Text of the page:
Lexar ARES RGB DDR5-6000 Desktop Memory Review

Manufacturer: Lexar Lexar ARES RGB DDR5-6000 Desktop Memory Review

We first looked at a Lexar gaming memory product with the HADES RGB 32GB DDR4-3600 kit, perfect for Ryzen 5000 CPUs, and once again we will be looking at a product that seems tailor-made for AMD systems – but 32GB of DDR5-6000 this time (the sweet spot for Ryzen 7000).

If you don’t happen to remember, Lexar – originally a late-1990’s startup in California – was owned by Micron from 2006 until being sold in 2017 to Longsys (Shenzhen Longsys Electronics Co., Ltd.). Under Longsys the Lexar brand has been offering various professional and consumer storage and memory products since reintroducing the brand in 2018.

Lexar seems to be fond of Greek mythology, with their previous Hades (the Greek god of the underworld) series and this new Ares (the Greek god of war) series. The new Ares (stylized “ARES” in the common all-caps style we know and love so much) modules have slightly more ostentatious styling than Hades, and also feature RGB lighting.

Oh, and upon examination it turns out that the new ARES kit we received contains the coveted Hynix M-die ICs. What this means for overclocking and stability I don’t really know, but I hope it means my AM5 board will love this kit, and not refuse to boot or take five days on memory training. Let’s find out!

Lexar ARES DDR5-6000 Package
Product Specifications
  • Capacity: 32GB Kit (16GBx2)
  • Memory Type: DDR5
  • Interface: 288-pin
  • Standard: XMP 3.0 & EXPO
  • Speed: 6000Mbps (XMP 3.0 & EXPO)
  • CAS Latency: CL34-38-38-76 (XMP 3.0 & EXPO)
  • Voltage: 1.2V / 1.4V (XMP 3.0 & EXPO)
  • Operating Temperature: 0°C to 85°C (Tcase)
  • Storage Temperature: -55°C to 100°C
  • Dimension (W x L x H): L140 x W43.3 x H7.9mm (with heat spreader)

$149.99 USD list

Manufacturer Description

“The Lexar ARES RGB DDR5 Desktop Memory allows hardcore gamers and PC enthusiasts to experience superior performance with next-gen DDR5. Featuring a premium aluminum heat spreader, game in style and keep your system cool for ultra-fast performance, stability and reliability.”

The Lexar ARES Memory

The ARES kit we received offers 32GB of capacity from its two 16GB DIMMs, and the advertised 6000 MT/s speed is realized via XMP 3.0 or AMD EXPO (well, hopefully – but more on EXPO later).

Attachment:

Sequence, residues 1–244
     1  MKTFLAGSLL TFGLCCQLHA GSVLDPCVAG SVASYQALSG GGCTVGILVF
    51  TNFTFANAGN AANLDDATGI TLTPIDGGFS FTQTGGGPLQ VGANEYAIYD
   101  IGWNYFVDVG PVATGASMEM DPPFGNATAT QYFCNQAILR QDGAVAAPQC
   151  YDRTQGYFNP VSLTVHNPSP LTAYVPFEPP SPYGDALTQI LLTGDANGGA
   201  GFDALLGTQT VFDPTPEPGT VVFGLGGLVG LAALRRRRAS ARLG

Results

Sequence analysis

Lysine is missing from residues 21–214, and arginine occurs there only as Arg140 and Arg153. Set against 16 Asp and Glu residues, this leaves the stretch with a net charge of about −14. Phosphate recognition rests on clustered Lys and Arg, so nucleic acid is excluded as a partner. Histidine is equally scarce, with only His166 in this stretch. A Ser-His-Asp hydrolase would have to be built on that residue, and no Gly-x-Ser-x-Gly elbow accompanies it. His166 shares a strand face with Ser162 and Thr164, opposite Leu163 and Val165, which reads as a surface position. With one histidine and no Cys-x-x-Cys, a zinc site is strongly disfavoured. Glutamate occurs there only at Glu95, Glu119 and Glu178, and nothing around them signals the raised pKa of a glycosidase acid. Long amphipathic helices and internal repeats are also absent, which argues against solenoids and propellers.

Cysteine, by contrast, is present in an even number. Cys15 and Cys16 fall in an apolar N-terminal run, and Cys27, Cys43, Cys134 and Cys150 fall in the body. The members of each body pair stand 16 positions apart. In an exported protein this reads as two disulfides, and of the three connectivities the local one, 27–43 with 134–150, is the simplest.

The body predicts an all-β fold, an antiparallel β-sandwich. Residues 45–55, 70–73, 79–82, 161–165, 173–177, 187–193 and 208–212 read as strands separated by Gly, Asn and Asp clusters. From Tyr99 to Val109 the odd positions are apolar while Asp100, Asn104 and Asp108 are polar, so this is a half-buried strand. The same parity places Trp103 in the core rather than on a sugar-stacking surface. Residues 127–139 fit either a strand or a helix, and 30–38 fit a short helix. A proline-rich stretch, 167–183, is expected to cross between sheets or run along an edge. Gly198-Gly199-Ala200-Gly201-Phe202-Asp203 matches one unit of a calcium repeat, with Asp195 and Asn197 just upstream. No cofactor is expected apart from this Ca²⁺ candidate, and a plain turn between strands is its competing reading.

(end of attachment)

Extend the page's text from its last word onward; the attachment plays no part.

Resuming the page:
The timings at 6000 MT/s are 34-38-38-76, and voltage – while incorrectly listed at 1.4V on the packaging – will rise from the nominal 1.2V to 1.3V when setting the OC profile. In light of recent events (CPU/board damage and motherboard vendors clamping down on overvoltage and memory over 1.3 volts discouraged), the 1.3V spec is appreciated.

Lexar ARES DDR5-6000 Package Voltage Error

The mention of “1.4V” on the box is likely a pre-release sample issue, and the DIMMs have the correct voltage printed on the sticker

According to Thaiphoon Burner, the Ares kit contains Hynix 16 Gb M-die ICs, which have a very good reputation based on some internet research and the existence of M-die lists such as this one (though it hasn’t been updated in months).

Lexar ARES DDR5-6000 Thaiphoon Burner Screenshot

A Quick Look at Performance

Yes, we will check out a couple of benchmarks – but first, the AM5 saga continues.

After trying for hours to get this kit working at 6000 MT/s on our lone AM5 motherboard – an MSI MEG X670E ACE – I finally gave up and moved the kit to our Z690 testbed. DDR5-6000 is just right for Ryzen 7000 (that glorious 1:1 FCLK / Memory frequency) but alas, our AM5 board is quite finicky. At least, I hope that’s all it is. I haven’t pulled the CPU to check for any damage after running 1.35V memory for months now…

Lexar DDR5-6000 CPUZ SPD

Anyway, I tried Manual OC as well as EXPO, but it didn’t matter. I also tried looser timings, increasing voltage (probably not the best idea), and obscene language, but it still wouldn’t POST on the X670E ACE. I even flashed to a different BIOS (v1.81 from 4/14/23), but no dice. On to the Z690 platform!

On Intel Z690 platform, with the spicy Core i9-13900KS running without any of those pesky power limits, the Lexar ARES memory just works™ at its XMP setting, and we were off and running at 6000 MT/s, CL34, and 1.3V with one click and no POST failures. This is how computing should be. (No, this portion of the review was NOT sponsored by Intel.)

Lexar DDR5-6000 HWINFO Summary